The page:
So, abiding by the rules that the MCU gives us, we have a 5.44 kg disk of metal flying at someone at 42 mph (18.77 m/s). Sounds pretty dangerous, huh? So, what’s happening to the poor guy that’s getting a full serving of justice? Well, let’s first look into energy. The formula for kinetic energy is \(\frac{1}{2}mv^2\) and using the values we got before we can find the kinetic energy this shield has. This value turns out to be 961.9 J. This is the translational kinetic energy. But when Steve is throwing his shield, it’s not only moving linearly but also spinning. That means we need to calculate the rotational kinetic energy of the system using \(\frac{1}{2}Iw^2\). To calculate this, we would need to approximately figure out the moment of inertia (I) of the shield and the angular velocity (w) of the shield. First, let’s determine moment of inertia.

So, Cap’s shield kind of looks like the top part of a sphere, if you were to chop off a slice of it. We know the radius of this shield and the depth of the shield, so if we can find the radius of the sphere the shield came from we can determine the moment of inertia. Take a look at the picture below for clarification.

To find the radius of the bigger sphere, we would use the Sagitta Theorem. Using this theorem, we take the sagitta (or the length from the top of the shield to the ground if it is lying flat) and the half chord length (the radius of the shield) and use it to find the radius. We do this with the formula \(s=r\pm\sqrt{r^2+l^2}\). This gives us the sphere radius of 0.8609 meters.

Now that we have the radius of the sphere, calculating the moment of inertia is a simple integral. Check out the picture for my work, but instead of boring you with the calculus, I’m going to tell you the value which is 0.645576 \(kgm^2\). Quick note, in this case, we’re assuming the shield is a thin shell as it is probably closer to the rules of vibranium than a shield with thickness.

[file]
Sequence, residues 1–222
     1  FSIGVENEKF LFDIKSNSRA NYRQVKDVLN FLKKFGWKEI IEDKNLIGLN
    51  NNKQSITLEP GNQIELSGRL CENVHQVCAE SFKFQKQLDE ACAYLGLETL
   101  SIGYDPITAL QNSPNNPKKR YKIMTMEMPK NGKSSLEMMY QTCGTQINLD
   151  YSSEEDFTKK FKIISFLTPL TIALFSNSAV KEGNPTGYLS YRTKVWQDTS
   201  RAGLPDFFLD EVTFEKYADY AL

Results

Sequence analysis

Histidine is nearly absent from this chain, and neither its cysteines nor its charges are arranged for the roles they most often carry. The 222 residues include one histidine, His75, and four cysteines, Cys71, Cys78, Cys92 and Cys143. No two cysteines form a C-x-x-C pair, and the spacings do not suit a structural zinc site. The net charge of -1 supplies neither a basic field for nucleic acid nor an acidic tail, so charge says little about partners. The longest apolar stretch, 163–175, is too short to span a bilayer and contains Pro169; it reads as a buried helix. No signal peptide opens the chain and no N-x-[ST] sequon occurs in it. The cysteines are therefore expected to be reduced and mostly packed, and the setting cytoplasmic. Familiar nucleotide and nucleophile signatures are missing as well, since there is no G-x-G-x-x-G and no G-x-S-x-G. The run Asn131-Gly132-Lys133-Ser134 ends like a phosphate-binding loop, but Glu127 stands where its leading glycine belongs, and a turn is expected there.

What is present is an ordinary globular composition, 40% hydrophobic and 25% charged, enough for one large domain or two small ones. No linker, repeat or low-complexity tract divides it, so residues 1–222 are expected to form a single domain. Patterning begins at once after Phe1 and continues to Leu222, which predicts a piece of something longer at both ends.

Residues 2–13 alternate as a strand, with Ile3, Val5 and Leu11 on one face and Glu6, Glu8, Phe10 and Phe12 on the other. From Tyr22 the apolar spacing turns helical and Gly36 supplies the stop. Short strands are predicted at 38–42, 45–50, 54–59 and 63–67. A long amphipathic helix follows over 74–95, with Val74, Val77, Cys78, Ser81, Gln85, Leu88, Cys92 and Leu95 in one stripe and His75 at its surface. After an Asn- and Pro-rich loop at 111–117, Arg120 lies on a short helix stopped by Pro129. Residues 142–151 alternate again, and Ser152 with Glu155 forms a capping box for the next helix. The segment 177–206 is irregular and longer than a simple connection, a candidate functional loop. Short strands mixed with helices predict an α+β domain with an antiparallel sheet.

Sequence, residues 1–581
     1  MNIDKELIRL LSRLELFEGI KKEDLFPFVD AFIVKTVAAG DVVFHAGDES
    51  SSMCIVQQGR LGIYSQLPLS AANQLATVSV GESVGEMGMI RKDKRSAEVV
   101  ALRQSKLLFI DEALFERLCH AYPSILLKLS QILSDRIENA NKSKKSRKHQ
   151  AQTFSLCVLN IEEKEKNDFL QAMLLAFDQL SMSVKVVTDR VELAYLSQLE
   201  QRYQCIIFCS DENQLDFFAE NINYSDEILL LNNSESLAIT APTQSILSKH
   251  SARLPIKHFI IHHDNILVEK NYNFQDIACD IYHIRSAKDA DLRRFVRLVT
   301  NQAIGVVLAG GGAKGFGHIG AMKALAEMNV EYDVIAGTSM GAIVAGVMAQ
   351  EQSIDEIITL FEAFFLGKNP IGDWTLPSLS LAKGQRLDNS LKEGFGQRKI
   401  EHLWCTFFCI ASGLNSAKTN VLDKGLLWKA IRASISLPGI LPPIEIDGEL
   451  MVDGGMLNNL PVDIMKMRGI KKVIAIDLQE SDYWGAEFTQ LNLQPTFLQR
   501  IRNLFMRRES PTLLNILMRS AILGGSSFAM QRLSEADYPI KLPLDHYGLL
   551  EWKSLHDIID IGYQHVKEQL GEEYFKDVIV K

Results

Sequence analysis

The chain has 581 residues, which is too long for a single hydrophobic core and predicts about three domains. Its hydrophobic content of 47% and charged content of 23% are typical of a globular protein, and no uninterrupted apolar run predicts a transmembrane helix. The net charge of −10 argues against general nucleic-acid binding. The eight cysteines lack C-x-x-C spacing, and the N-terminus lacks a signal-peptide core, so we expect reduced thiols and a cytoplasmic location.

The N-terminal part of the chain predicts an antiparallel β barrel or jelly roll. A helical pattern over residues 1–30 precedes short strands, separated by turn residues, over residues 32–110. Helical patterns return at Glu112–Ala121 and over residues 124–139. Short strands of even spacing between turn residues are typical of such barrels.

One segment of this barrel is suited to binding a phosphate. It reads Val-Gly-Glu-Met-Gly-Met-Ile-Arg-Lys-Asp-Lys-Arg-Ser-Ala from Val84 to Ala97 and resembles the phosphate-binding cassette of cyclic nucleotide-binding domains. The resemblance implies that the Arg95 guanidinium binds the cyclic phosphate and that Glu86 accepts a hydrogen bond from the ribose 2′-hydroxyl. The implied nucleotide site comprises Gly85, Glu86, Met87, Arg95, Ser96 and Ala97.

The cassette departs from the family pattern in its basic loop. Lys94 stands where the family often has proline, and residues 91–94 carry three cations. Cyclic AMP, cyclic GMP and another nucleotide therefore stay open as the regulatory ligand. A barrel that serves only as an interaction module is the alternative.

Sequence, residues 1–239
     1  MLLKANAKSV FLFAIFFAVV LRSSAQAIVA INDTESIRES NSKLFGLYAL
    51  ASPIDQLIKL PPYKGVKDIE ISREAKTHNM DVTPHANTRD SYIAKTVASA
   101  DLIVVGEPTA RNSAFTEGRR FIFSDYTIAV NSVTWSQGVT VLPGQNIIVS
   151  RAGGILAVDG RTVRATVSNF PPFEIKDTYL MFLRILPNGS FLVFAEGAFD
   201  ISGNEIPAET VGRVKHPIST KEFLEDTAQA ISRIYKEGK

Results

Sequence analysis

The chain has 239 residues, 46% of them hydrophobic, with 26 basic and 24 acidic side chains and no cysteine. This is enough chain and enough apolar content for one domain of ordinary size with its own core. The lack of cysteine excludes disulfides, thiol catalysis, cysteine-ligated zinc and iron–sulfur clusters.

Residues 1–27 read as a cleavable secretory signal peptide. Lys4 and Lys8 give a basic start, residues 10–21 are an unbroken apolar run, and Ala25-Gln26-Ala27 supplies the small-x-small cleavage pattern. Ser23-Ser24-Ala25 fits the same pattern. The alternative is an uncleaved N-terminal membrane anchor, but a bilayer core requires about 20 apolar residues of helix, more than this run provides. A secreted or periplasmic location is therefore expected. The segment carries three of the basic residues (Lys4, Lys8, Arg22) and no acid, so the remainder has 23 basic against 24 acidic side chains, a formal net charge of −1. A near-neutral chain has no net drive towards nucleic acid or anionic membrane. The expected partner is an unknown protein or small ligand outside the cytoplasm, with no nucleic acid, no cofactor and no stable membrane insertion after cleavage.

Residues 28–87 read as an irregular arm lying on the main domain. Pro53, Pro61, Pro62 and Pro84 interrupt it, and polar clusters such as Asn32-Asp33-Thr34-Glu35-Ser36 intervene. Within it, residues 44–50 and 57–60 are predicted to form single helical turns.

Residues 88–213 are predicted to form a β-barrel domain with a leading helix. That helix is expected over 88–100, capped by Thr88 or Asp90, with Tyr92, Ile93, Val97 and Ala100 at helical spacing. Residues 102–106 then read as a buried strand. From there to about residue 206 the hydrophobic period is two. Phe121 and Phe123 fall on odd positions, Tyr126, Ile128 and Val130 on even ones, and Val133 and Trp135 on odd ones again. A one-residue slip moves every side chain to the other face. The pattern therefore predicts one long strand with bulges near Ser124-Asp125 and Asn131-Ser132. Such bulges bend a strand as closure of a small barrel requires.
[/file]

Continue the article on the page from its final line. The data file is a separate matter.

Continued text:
Now, to find angular velocity. To do this, we need to go back to the videos. All I had to do was count the amount of times Cap’s shield rotated in a certain time frame. This was actually difficult for two main reasons: 1) Cap’s shield is going 18.8 m/s and 2) camera angles, but I managed to get a good estimate by counting the rotations in slow motion and then speeding the video back to normal speed and measuring the actual time it took to spin. Doing various trials got me an average angular velocity of 65.3 rad/sec.

Now, it’s another plug and chug situation. We take the formula from before (\(\frac{1}{2}Iw^2\)) and just plug in the values. This give us a rotational kinetic energy of 1376.40 J. Kinetic energy is additive, so we add the translational and rotational kinetic energies to get a total of 2338.30 J. That’s a lot of kinetic energy dispersed over a small area. But, to clarify this value, let’s take a look at the force that is applied to our unlucky villain.

To do this, we need to take a look at momentum. Because the time that the force is applied is constant, we can use the formula F = (\(\frac{mv}{t}\)). This formula comes from Newton’s first law (F = ma) as a is equal to v/t. To find the time Captain America’s shield is in contact with the person, I again took various shots to get an average time of 0.015 seconds. So, the average force that our man would be experiencing is a tremendous 6,818.13 N.